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More than 5,000 students seeking Covid-19 disruption compensation

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More than 5,000 students seeking Covid-19 disruption compensation

More than 5,000 students are now taking legal action against one of the country’s largest universities

It’s over disruption to their tuition caused by strikes and the Covid-19 pandemic, a judge at the High Court has said.

Current and former students at University College London (UCL) are seeking damages over alleged breaches of its contractual obligations to provide in-person teaching and access to facilities.

UCL is defending the claims, stating it was not under an obligation to provide in-person, campus-based tuition.

Lawyers for the students told a hearing in London last month that the case should be managed through a group litigation order (GLO), where several claims with similar issues can be dealt with together.

But in a ruling on Wednesday, Judge Jeremy Cook said that while there are “a large number of claims, in excess of 5,000”, a GLO “would not be appropriate”.

He said: “I am not satisfied that my discretion should be exercised in favour of making a GLO.

“I do not consider a GLO will help to promote fairness, save costs or allow the claims to be dealt with in a timely and efficient manner.”

The hearing in June was told that UCL is the second largest university in the country, with around 51,000 students.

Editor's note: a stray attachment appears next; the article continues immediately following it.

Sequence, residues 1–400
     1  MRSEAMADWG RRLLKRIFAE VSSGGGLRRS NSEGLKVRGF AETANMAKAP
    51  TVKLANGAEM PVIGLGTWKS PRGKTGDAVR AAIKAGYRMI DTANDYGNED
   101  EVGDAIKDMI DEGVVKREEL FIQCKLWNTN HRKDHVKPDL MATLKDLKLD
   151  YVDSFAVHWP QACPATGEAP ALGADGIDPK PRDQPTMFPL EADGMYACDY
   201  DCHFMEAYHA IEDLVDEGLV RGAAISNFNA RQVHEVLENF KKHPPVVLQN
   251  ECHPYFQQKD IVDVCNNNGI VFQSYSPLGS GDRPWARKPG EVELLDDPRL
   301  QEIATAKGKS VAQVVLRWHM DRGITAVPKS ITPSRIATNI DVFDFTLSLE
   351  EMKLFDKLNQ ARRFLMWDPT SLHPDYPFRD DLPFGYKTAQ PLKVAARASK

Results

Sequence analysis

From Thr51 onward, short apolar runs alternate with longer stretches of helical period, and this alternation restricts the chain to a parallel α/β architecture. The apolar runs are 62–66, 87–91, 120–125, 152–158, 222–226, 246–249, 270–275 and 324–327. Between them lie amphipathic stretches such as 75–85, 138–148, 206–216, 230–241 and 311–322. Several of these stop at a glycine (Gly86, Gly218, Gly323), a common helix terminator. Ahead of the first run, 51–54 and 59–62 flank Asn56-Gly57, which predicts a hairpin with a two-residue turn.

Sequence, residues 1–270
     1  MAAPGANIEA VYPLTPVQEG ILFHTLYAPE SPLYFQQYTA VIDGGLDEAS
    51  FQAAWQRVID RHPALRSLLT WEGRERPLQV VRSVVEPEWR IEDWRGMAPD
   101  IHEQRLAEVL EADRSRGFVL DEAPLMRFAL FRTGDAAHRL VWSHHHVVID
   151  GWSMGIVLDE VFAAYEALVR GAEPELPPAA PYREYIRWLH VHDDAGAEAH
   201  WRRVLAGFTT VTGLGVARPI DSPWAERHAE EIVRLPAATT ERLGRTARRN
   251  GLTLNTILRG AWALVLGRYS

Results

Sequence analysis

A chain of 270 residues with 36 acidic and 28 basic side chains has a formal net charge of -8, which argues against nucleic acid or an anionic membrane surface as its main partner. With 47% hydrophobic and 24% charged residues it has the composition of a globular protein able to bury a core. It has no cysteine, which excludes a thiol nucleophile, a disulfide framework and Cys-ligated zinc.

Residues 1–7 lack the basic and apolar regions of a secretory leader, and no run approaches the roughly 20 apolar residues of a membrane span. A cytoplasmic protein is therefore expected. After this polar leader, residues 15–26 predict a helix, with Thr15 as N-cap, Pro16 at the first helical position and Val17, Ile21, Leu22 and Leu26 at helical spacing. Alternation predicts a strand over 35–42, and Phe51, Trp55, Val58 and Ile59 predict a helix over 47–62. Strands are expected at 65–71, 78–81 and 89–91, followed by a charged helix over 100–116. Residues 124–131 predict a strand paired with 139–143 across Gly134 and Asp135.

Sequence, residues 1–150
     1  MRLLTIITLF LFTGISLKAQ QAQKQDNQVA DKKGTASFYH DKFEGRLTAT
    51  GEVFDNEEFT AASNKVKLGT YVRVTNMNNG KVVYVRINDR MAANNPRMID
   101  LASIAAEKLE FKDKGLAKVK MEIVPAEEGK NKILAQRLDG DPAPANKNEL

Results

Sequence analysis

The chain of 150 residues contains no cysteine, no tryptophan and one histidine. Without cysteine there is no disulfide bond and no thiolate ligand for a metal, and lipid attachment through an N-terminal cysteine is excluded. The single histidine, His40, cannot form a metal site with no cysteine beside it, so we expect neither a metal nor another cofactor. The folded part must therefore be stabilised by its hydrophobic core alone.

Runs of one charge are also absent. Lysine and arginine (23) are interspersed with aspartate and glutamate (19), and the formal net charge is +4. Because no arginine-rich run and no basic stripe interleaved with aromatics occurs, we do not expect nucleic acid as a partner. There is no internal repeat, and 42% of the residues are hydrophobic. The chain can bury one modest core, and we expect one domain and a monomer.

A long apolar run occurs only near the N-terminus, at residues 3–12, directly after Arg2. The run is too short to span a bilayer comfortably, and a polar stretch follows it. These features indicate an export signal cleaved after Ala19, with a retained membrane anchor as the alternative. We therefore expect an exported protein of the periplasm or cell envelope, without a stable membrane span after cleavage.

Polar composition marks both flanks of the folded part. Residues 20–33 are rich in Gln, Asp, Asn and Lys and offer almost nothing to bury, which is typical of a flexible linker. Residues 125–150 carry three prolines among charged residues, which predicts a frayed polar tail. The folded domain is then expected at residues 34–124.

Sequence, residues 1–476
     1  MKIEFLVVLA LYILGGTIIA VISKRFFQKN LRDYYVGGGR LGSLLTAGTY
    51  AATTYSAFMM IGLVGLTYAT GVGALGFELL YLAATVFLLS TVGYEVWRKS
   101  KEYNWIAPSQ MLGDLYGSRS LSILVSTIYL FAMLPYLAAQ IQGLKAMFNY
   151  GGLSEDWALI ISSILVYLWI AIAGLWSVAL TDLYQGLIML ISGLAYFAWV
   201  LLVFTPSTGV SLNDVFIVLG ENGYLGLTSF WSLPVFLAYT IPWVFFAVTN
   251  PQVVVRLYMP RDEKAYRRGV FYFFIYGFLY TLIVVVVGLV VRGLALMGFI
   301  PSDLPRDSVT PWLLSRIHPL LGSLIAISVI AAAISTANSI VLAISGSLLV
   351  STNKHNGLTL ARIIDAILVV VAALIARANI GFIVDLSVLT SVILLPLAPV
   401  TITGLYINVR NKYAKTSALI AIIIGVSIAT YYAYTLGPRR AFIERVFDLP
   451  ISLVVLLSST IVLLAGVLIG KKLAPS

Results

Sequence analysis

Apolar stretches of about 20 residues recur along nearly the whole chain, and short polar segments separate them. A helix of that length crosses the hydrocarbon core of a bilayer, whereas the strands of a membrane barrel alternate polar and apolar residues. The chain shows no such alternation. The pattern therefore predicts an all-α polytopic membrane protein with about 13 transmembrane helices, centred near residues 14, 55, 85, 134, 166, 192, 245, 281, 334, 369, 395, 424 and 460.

Those taking legal action against the body were students at the university for at least one year between 2017 and 2022, with some still studying.

Judge Cook said that further hearing in the case is expected to be held on July 19, before another hearing in November.

Following the ruling, UCL said that a trial of several “test cases” is due to be held in 2026.

Professor Kathy Armour, vice provost of education and student experience at UCL, said: “We are pleased that the court has refused the GLO application which would have only caused further delay to this claim.

“During the course of these proceedings, UCL has never sought to dispute the right of individuals to access the courts to bring claims as a matter of general principle.

“In fact, through the courts, we have already offered our ‘ready-made’ alternative dispute resolution process, that would have provided far quicker outcomes for students, but this was flatly rejected by the claimants’ lawyers.”

Matthew Patching, a partner at law firm Harcus Parker representing students, said: “With trial now fixed for 18 months’ time, UCL should focus on making a reasonable settlement proposal to the claimants rather than continuing to fight this claim through to the end.

“UCL moved almost all teaching online during Covid but refused to reduce students’ fees.

“Today’s important decision brings UCL students and our clients at more than 100 other universities one step closer to receiving fair compensation.”

The Student Group Claim said similar legal action was being prepared against more than 100 other UK universities, adding that solicitors have “been in correspondence” with more than 50 institutions.

Published: by Radio NewsHub

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